Native American artists have a new home to live in and make art in Northeast Portland.
On Thursday, Cully neighborhood leaders cut the ribbon on a $20 million affordable housing project built to serve the Native American community.
This is the latest collaboration between The Native American Youth and Family Center (NAYA), the Confederated Tribes of Siletz Indians and Community Development Partners.
“In the past, we’ve had our communities spread further and further away from Portland due to gentrification, another economic pressure,” said Paul Lumley, NAYA’s CEO. “So we’re focusing on bringing them back. Being together is so important.”
Located on the corner of Northeast Going and 42nd streets, the building’s namesake is Mamook Tokatee, which is a Chinook Wawa phrase meaning “Make Beautiful.”
Of the 56 residential units, 20 are reserved for members of the Confederated Tribes of Siletz Indians and other federally recognized tribes. Six units are earmarked for working artists.
Lumley said Native American art is a key component of the overall aesthetic.
“This project is all about art. I wanted to be really profound in the way we present these buildings to the public. You drive by, you can clearly tell this is a Native building with all the art and all the design work.”
Inside, the building is adorned with different works created by a spectrum of Native American artists — from murals to sculptures.
“There’s probably 30 pieces of framed art in the building throughout, not just in the lobby area, but also on every floor. The muralists have done just an amazing job,” said Lumley.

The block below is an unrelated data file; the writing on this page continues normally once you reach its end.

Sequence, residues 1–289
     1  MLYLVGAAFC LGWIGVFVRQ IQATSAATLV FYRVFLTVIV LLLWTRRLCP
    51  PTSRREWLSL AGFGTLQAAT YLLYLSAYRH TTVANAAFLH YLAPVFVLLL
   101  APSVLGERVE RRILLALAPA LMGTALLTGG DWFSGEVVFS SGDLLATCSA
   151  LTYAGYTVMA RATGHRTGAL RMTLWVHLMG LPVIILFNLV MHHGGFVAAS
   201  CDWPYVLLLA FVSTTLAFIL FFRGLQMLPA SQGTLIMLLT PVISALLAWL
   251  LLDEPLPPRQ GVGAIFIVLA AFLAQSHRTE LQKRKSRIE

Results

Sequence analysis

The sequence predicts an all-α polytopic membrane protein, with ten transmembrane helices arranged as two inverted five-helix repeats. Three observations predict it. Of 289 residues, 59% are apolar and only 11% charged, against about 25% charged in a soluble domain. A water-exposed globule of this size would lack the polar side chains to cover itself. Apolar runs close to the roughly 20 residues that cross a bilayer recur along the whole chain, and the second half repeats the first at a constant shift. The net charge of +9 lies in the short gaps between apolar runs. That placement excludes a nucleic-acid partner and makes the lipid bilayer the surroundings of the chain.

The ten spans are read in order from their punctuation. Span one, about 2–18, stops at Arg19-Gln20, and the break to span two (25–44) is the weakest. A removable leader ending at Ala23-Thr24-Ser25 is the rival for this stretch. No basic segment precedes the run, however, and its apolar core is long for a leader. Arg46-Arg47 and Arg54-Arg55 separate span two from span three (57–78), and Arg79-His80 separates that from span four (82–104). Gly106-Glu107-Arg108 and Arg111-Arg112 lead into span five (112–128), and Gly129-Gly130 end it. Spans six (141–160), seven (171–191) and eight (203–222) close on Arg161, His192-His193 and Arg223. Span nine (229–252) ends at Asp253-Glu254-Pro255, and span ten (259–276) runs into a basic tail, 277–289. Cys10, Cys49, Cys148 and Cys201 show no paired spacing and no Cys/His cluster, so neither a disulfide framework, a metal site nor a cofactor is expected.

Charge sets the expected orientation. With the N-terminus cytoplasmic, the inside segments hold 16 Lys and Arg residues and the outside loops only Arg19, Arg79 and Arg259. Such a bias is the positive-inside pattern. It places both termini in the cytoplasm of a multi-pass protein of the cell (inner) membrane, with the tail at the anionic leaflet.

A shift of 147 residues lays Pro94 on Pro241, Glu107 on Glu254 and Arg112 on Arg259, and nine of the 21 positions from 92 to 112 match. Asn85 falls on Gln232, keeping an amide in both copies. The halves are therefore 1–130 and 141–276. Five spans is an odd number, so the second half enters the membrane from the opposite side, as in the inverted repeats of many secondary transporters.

Circus artist and musician Fyre Killsrightdaway is a member of the Oglala Sioux Tribe and one of the new residents.
“I never got to actually get in touch with my culture until I was 18,” said Killsrightdaway. “So being able to get more and more in touch and now being able to live with indigenous people and having the ability to create and make space for them is just like one of the dreams that I didn’t know that I had.”
That’s the potent mixture of art and community that NAYA’s Paul Lumley hopes this housing project provides.
“People who are moving into these properties are people coming from a place of trauma. And we found that art is very healing. And so the focus here is gonna be healing a community through art.”
The goal in 10 years, explained Lumley, is to turn the Cully district into a bustling hub.
“We’re gonna see more Native businesses here. We’re gonna see more of a thriving neighborhood in the whole Cully neighborhood, We’re gonna see more businesses here. It’s gonna be a sense of Native community.”